Healthcare Looks To Digital Transformation With Help From 5G
Healthcare is changing rapidly, and in more ways than one. Beyond the impact of the coronavirus pandemic on places like hospitals and medical centers, there is the growth of the “medtail” trend where new medical facilities are designed and located to provide the convenience consumers have grown to expect from retail businesses. An example is a new physical therapy office operating adjacent to a supermarket and other highly trafficked stores.
No matter what form of healthcare, there is major digital transformation occurring, where everything from electronic health records to robots used in surgeries are redefining patient care and healthcare operations. At the foundation of these new use cases is connectivity. By connecting patient care, healthcare organizations of all sizes can streamline their operations, allow quicker access to care data and automate more processes, among other beneficial changes.
“Digital transformation at hospitals and medical centers is speeding up,” said Michael Zeto, Boingo Wireless chief commercial officer. “A record 93% of healthcare executives told Accenture that they are innovating with a sense of urgency.”
With challenges that include aging infrastructure, privacy and cybersecurity concerns and cost, ambitious goals of connected, smart facilities are not realistically achievable, Zeto noted, if organizations rely 100% on existing wireless and dated WiFi infrastructures.
Here are Zeto’s observations on how hospital and commercial real estate leaders can diagnose and treat today’s biggest technology challenges in healthcare.
5G Wireless Networks And The Hospitals Of The Future
“Hospitals can no longer do it alone or rely on public WiFi networks for patient care in the 5G era,” Zeto said. “These traditional networks can pose security, congestion and reliability issues.”
The public WiFi that supports patients scrolling through social media in the waiting room is not ideal for powering critical medical devices or transferring sensitive patient data. Instead, Zeto said a fully connected medical facility is best achievable through a convergence of leading wireless technologies — a pairing of private networks, WiFi 6/6E and distributed antenna systems (known as DAS), depending on the hospital’s end goals.
Unlike a public network running over WiFi shared by many users and applications, a private network can be configured with cellular technology to a hospital’s specific location needs with robust layers of security. The dedicated bandwidth of a private network allows hospital campuses to connect more devices without quality concerns.
The result is a reliable network that maximizes operational efficiencies and helps the organization improve productivity across the board.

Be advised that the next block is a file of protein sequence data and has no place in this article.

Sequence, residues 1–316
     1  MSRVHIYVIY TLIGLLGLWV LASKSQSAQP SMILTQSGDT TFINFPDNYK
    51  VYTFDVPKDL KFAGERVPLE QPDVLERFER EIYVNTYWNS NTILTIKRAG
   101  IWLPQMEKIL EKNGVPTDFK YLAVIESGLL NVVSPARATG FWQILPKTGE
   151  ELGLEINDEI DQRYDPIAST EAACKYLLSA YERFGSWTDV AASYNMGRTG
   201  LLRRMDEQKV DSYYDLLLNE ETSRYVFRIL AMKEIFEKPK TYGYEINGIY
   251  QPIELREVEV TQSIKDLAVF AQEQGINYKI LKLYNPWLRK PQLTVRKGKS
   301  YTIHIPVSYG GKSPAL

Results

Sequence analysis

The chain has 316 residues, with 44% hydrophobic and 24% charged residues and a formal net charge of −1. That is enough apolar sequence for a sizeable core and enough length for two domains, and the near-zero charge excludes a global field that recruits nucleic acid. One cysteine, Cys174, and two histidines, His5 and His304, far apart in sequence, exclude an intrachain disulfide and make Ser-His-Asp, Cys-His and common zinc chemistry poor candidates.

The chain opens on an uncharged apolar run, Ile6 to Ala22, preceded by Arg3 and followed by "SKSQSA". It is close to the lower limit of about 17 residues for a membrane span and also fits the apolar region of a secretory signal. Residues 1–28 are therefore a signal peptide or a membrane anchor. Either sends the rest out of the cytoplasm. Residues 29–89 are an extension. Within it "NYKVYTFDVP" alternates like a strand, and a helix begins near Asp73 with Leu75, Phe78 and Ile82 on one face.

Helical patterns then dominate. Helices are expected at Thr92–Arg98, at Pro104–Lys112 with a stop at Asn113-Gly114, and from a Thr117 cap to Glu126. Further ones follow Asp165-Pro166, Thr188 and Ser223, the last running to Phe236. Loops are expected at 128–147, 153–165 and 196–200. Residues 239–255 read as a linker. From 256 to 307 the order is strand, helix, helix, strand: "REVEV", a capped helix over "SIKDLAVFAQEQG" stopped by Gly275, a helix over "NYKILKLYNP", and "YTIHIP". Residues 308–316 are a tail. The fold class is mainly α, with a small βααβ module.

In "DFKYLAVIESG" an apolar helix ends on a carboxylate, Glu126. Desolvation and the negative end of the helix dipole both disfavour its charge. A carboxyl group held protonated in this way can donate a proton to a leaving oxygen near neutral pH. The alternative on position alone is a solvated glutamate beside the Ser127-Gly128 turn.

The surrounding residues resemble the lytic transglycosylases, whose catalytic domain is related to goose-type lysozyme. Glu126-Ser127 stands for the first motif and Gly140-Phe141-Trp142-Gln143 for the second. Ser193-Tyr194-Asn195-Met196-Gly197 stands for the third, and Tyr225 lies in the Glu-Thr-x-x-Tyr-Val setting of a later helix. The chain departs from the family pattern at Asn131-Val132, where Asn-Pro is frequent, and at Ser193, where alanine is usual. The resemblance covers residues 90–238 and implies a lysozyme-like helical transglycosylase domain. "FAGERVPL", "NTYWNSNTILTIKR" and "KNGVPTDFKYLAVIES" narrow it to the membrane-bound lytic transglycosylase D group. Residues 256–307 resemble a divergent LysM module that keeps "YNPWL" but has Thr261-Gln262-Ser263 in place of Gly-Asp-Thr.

“Private, dedicated cellular networks are custom-built for a facility,” he said. “They can power new use cases that elevate patient care and retain valuable hospital staff. They can be used to facilitate healthcare operations, including integrated safety and security management, telerobotic systems connectivity and on-demand electronic health records and digital images.”
The Benefits Of A Connected Hospital Campus
Accenture’s study warned that healthcare organizations that do not embrace digital interconnectedness could put themselves at a competitive disadvantage.
“The gap between healthcare’s digital leaders and laggards grows by the day and waiting it out will only put some further behind,” the study said. “To be successful, the healthcare C-suite must adopt a digital-first, people-centric approach across all areas of the organization.”
Zeto said 5G will help healthcare organizations succeed in this digital-first environment.
“What 3G and 4G did for consumers by putting the internet in their pockets, 5G will do for healthcare — connecting not only billions of people, but billions of things,” he said.
5G’s fast speeds, flexibility and security open new opportunities for hospitals and medical centers. Boingo’s healthcare clients include one of the nation’s leading hospital systems, for which it has been brought in to help securely connect its campus, which covers 35,000 staff members, 106,000 annual patients and 100,000 annual surgeries.
Zeto said that other advantages to a fully connected medical facility include connected utilities and predictive equipment, increased point-of-care testing capabilities and reliable device connectivity throughout the hospital campus.
“None of that would be possible without scalable network infrastructure that is 5G-ready and able to securely handle the demands of Internet of Medical Things applications,” Zeto said. “With next-generation connectivity, hospitals can create intelligent buildings that realize the potential of digital health apps and devices, software deployments, automation, robotics, machine learning and more.”
Despite complexities, the time to act is now, Zeto said.
“With the advanced technical aspects involved in creating a 5G-enabled hospital facility, healthcare systems should seek out a professional network service provider to guide them and map their digital transformation out into executable stages,” he said. “They need to invest now in scalable wireless networks that will grow with their hospital technology needs.”
This article was produced in collaboration between Studio B and Boingo Wireless. Bisnow news staff was not involved in the production of this content.
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